The seasonally varying influence of ENSO in the Philippines

In many tropical land areas of the globe El Niño events are frequently accompanied by drought (Lyon 2004; Lyon and Barnston 2005), the Philippines being one of them. During an El Niño, drought conditions in the Philippines are most widely expected in the boreal fall and winter seasons when these events are typically strongest. Once developed, drought then frequently persists into the subsequent early spring. However, the nature of the impacts of El Niño (and La Niña) on regional rainfall variations around the globe is tied to the interaction between the life cycle of ENSO events and the annual cycle of rainfall within a given area. For example, El Niño-related drought in the Philippines during the fall occurs during the northeast monsoon season. However, the development stage of ENSO events frequently takes place earlier, during the boreal summer, when the southwest monsoon is the dominant circulation feature. The impact of ENSO on seasonal rainfall during the summer season in the Philippines has not received much attention by researchers. In addition, the Philippines are substantially affected by tropical cyclones, which frequently occur from summer into the fall. These storms not only bring damaging winds and storm surges to the Philippines, they also typically generate very high amounts of rainfall, thereby affecting seasonal average precipitation. This leads to the additional question of how ENSO influences not only seasonal rainfall but also the behavior of tropical cyclones over the course of the year.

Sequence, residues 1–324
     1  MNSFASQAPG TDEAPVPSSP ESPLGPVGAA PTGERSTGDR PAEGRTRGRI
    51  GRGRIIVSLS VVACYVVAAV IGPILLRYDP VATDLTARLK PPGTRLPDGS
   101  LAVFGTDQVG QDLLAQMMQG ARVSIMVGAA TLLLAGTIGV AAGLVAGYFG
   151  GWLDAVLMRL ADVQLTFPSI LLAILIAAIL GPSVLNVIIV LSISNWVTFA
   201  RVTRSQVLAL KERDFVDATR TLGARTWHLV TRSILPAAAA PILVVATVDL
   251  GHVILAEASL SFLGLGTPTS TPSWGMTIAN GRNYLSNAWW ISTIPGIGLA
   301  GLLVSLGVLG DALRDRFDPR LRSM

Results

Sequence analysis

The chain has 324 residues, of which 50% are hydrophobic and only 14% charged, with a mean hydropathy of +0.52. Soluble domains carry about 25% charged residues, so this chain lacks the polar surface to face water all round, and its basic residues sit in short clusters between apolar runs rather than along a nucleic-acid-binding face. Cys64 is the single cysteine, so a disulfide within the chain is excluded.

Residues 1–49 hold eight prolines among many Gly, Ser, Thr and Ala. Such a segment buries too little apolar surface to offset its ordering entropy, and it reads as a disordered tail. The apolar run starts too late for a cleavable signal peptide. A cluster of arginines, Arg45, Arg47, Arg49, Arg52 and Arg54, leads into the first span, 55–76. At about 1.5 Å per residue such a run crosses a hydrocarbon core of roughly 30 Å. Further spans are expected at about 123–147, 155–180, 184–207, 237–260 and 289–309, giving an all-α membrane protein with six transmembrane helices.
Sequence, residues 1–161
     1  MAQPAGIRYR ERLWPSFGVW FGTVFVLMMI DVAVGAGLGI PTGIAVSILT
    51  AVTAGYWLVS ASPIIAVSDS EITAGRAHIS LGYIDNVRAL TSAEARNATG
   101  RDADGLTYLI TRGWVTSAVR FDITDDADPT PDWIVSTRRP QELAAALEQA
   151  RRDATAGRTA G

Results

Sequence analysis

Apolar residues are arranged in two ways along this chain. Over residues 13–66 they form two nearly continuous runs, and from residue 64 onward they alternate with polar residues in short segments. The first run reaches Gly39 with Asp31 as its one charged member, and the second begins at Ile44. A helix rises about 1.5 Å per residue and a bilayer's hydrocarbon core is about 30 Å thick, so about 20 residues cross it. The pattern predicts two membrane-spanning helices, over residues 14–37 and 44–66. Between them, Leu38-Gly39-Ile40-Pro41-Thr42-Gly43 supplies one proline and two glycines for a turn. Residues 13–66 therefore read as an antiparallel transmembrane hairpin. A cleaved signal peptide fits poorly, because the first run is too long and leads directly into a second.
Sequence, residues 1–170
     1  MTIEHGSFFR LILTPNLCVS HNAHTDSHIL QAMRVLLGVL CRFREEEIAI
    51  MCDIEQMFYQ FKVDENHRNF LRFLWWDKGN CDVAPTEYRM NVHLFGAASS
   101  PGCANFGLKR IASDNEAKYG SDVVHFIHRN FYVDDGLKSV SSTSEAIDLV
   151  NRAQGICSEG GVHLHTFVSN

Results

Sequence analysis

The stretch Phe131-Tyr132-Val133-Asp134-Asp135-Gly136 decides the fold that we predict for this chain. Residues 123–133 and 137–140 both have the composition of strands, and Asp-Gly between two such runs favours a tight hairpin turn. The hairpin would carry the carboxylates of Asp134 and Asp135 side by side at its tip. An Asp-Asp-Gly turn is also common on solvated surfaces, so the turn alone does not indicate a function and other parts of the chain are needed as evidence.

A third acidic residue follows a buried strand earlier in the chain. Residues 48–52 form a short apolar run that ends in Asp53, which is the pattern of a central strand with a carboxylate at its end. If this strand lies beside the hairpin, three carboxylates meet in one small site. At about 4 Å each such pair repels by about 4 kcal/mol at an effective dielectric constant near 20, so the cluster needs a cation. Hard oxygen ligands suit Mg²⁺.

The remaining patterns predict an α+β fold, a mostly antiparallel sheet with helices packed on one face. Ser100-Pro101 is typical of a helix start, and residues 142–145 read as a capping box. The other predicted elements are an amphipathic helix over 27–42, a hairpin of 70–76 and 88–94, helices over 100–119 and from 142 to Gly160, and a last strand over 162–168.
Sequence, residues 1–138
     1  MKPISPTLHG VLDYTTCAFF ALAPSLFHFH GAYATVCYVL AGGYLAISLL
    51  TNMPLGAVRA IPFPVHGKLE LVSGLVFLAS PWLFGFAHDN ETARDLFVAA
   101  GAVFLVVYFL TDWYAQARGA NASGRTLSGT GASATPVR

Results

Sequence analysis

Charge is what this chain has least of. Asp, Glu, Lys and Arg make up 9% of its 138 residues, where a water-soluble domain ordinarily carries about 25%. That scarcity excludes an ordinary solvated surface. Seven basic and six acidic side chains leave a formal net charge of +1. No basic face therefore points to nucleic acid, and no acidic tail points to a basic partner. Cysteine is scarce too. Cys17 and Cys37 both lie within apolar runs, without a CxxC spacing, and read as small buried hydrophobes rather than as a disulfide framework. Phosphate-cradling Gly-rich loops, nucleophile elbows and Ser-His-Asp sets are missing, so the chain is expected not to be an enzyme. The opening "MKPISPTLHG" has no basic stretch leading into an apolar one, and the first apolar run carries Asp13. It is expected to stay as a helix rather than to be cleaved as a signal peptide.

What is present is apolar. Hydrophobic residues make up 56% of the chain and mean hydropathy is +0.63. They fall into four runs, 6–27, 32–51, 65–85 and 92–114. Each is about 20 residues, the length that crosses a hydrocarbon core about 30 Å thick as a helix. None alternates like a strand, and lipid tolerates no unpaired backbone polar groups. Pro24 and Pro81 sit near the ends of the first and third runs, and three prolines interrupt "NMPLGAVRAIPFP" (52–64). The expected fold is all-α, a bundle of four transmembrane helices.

These basic questions regarding the seasonally varying influence of ENSO on Philippine climate arose during early stages of an IRI project in the region focused on improving water management practices for the Angat Resevoir in Luzon, which provides water for over 8 million people in the Metro Manila area. Since inflow to the reservoir can be substantially affected by the state of ENSO, better management of water within the reservoir system relied fundamentally on a better understanding how inflows to the system varied over the course of the year, particularly when an ENSO event was underway. Working with climate data provided by the Philippine Atmospheric, Geophysical and Astronomical Services Administration (PAGASA) and in collaboration with some of their climate scientists, a study addressing these topics was undertaken. Previous work had provided some hints that the influence of ENSO on boreal summer rainfall in the Philippines might be different from that during the boreal fall and winter (Walker & Bliss 1932; Kiladis & Diaz 1989; Kripalani & Kulkarni 1997) but additional research was needed to provide a more definitive answer.